The two-seat AT-6—which has 1,600 shaft horsepower and a maximum load of more than 4,100 pounds—should be modified into single-seat COIN aircraft. The weight savings from eliminating one pilot and the accompanying systems should be used to support increased fuel capacity, the addition of light armor, or, perhaps most important for a maritime service, the capability to make arrested landings. Additional fuel promises more unrefueled loiter time. Light armor ensures the pilot is protected from small arms fire and that the aircraft can carry on its mission despite minor damage. The capability to make arrested landings will eat into any weight savings with heavier landing gear and the addition of a tailhook but ensures the AT-6 is mission capable when and where needed. As with any aircraft, careful balancing of weight allocation is critical to ensure the Navy is getting the most bang for its buck.
Such an aircraft would not require as large a support infrastructure as strike fighters. The aircraft could launch from smaller forward landing strips, with support limited to fuel, weapons, and maintenance shops, more akin to a “crop duster” strip—an advantage when insurgent groups have proven their ability to launch mortar and suicide attacks against even heavily defended airfields such as Bagram. A squadron of AT-6s dispersed among multiple smaller airfields would make it much more difficult for insurgents to take out an entire squadron.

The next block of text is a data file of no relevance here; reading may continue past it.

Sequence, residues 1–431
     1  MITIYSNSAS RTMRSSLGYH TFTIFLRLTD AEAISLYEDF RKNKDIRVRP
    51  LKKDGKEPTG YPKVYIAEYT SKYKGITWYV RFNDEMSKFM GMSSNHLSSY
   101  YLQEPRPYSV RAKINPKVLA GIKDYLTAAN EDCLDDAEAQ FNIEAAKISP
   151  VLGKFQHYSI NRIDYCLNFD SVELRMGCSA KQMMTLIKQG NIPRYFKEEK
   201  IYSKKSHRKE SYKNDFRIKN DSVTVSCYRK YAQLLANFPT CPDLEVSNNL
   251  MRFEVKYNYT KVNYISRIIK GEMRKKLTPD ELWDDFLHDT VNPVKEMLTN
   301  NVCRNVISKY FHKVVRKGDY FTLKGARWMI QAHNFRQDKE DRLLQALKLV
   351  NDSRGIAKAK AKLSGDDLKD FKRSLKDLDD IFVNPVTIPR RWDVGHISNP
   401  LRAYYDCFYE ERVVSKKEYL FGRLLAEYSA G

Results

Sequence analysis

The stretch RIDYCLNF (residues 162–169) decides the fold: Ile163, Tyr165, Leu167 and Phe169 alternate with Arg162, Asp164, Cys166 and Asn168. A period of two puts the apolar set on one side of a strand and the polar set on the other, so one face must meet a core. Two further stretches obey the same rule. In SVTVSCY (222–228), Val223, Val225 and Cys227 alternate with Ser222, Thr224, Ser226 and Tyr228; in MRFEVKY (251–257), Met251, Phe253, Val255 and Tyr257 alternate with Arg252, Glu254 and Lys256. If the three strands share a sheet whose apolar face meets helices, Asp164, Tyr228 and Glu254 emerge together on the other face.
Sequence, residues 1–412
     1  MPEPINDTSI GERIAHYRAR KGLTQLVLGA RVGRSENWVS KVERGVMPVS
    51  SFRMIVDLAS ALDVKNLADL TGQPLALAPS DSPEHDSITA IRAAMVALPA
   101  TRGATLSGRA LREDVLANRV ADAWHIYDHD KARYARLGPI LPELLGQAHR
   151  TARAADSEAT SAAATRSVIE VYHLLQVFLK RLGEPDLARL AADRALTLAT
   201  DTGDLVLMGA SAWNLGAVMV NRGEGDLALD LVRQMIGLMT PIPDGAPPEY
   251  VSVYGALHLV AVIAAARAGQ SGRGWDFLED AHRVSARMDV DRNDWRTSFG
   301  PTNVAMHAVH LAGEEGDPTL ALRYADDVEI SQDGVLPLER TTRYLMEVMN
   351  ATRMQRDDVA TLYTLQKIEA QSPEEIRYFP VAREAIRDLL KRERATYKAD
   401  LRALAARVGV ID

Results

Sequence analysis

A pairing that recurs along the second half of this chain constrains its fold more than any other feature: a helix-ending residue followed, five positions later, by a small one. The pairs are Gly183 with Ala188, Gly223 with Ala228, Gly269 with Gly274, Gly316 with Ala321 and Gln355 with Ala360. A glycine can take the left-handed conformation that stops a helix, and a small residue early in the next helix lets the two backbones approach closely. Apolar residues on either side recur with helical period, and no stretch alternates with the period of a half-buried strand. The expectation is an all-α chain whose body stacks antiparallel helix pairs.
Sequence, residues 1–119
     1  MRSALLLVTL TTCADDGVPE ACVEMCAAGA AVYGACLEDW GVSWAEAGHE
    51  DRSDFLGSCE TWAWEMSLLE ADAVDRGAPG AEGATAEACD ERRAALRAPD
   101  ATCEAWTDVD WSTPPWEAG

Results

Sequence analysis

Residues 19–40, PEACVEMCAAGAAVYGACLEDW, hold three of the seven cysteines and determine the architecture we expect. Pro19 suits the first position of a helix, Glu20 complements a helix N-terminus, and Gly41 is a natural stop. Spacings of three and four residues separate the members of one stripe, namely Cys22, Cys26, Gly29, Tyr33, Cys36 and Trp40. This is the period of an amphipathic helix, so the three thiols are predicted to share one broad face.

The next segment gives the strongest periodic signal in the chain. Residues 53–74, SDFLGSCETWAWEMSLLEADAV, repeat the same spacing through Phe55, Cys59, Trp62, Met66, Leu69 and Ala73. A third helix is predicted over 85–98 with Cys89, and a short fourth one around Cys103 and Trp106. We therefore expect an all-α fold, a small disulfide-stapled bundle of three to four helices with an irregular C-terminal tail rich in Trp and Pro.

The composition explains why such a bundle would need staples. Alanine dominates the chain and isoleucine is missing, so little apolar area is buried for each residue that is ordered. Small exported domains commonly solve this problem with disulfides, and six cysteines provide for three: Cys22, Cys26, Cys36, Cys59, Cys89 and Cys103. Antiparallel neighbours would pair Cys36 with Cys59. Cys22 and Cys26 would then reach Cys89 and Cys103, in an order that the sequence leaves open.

Flying from distributed unimproved strips, COIN aircraft also would be able to provide close air support more quickly than traditional strike fighters. Strike fighters are fast, but when seconds count, a turboprop COIN aircraft based 10 miles away could support troops in contact faster than an F/A-18 200 or 300 miles away.
COIN aircraft could be flown off not only less advanced airstrips, but also less advanced ships, such as a future light aircraft carrier or a modified LHA. Such aircraft would complement Navy efforts to field smaller surface combatants such as the FFG(X) and unmanned surface vehicles by providing air support in the maritime environment without the presence of a large and expensive carrier strike group. This would free carrier strike groups for deterrence patrols against near-peer adversaries or more time between deployments. In place of multimillion-dollar Tomahawk land-attack cruise missiles, COIN aircraft could drop more warheads for a fraction of the cost while providing close air support and intelligence, surveillance, and reconnaissance capabilities for task groups of littoral combat ships, FFG(X)s, and unmanned surface vessels.7